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Regularly – that’s the term given to how often a fire risk assessment should be carried out, according to government guidelines. However, it’s likely that many businesses will conduct an initial fire risk assessment and overlook revisiting this again.
But what happens when the photocopier is moved? When extras desks are put in the office as you grow in numbers, or when extra racking reduces access ways in the warehouse? The chances are that the need for a new fire risk assessment is overlooked.
It can happen.
A London-based letting agent received a £100,000 fine for failing to act on fire risk assessment, after pleading guilty to three breaches of legislation. London Fire Brigade carried out an audit of the communal areas after a fire broke out in a block of flats owned by the company. Issues identified included:
- Fire Safety Breaches
- Failing to act on significant findings
- Failure to make an emergency plan
- Ensuring that fire doors were self-closing
- Failure to install emergency lighting
Getting it right
If you are the ‘responsible person’ then failure to conduct a fire risk assessment and act on the findings could result in prosecution, or worse.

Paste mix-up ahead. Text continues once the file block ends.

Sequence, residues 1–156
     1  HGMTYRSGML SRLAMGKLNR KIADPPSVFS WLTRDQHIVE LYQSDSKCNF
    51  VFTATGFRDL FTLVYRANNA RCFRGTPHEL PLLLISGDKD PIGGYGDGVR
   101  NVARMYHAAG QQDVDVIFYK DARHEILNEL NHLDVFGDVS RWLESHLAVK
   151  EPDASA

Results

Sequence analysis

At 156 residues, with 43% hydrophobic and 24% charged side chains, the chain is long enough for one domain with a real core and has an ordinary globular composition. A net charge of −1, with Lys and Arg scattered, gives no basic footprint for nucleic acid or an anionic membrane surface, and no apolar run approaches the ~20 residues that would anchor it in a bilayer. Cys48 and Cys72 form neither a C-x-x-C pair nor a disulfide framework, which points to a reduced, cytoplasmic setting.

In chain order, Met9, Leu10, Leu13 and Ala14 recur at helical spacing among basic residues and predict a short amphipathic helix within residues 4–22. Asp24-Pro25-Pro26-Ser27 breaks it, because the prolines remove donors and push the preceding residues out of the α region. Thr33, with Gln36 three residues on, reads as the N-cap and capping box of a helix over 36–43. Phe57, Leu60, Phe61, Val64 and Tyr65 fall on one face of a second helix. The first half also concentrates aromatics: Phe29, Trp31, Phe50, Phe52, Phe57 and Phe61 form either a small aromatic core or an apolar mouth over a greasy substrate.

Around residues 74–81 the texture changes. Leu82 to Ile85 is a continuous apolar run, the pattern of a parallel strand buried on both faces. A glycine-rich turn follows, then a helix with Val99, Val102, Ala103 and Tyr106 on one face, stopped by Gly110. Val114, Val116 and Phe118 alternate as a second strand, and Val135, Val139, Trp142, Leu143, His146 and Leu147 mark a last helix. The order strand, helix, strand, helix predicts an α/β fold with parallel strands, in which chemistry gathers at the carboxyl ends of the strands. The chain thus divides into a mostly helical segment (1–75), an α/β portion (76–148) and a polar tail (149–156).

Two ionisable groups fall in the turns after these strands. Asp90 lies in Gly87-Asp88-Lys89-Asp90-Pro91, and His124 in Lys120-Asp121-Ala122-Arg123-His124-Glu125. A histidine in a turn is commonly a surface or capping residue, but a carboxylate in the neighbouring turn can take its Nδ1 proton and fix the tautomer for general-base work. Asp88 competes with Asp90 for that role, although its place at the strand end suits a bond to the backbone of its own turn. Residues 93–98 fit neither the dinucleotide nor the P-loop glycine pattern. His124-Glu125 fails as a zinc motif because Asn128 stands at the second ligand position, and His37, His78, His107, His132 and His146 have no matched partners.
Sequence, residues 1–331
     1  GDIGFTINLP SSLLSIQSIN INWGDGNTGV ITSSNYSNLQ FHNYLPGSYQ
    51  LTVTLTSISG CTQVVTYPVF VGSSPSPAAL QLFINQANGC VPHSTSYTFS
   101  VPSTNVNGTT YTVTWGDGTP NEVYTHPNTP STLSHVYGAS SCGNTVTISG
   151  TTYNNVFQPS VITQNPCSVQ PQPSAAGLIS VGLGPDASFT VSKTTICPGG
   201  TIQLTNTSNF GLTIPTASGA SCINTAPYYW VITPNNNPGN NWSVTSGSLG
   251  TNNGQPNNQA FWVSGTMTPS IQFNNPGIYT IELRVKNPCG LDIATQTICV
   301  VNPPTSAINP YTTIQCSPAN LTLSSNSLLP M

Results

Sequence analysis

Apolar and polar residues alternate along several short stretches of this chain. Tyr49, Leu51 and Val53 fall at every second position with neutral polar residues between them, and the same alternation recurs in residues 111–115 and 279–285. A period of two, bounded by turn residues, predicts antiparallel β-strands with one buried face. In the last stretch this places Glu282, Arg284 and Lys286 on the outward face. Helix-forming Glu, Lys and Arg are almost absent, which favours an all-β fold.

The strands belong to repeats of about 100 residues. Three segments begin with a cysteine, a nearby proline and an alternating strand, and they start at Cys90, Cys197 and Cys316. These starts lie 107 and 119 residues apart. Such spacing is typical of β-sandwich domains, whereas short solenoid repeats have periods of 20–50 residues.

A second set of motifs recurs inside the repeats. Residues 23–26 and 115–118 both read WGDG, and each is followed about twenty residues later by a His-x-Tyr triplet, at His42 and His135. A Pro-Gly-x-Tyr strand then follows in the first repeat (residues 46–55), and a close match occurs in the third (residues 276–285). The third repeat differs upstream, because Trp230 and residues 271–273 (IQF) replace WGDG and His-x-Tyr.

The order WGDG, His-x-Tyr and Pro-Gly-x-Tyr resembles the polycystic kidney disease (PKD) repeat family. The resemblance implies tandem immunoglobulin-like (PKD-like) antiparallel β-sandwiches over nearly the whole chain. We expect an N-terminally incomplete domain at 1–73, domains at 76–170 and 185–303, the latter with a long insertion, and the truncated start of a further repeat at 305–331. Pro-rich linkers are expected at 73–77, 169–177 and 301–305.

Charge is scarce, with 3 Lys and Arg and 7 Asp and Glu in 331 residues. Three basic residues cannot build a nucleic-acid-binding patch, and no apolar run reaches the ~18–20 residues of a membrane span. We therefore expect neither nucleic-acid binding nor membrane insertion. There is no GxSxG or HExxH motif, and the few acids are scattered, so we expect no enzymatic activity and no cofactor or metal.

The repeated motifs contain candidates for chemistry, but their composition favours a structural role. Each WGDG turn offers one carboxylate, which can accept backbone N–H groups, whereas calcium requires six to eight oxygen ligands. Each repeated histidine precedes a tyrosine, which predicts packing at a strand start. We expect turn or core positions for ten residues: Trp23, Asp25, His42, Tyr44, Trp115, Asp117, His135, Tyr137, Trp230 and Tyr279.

Our 4 steps to conducting a successful assessment and addressing issues:
- Make sure the person conducting the assessment is trained and competent.
- Ensure that you keep a record of your assessment, along with a plan featuring fire exits, firefighting equipment, refuge points and sites of previous fire incident locations.
- Prioritise any action required.
- Complete the actions in a timely manner, and in order of priority.
It’s recommended to conduct a fire risk assessment annually, and certainly when any changes to the working environment occur. This would also be a good time to update and test your fire escape procedures, and to remind your team about fire safety.
Do get in touch with one of our specialists if you require any further information or assistance with this or any other health & safety issue.
01622 759900 firstname.lastname@example.org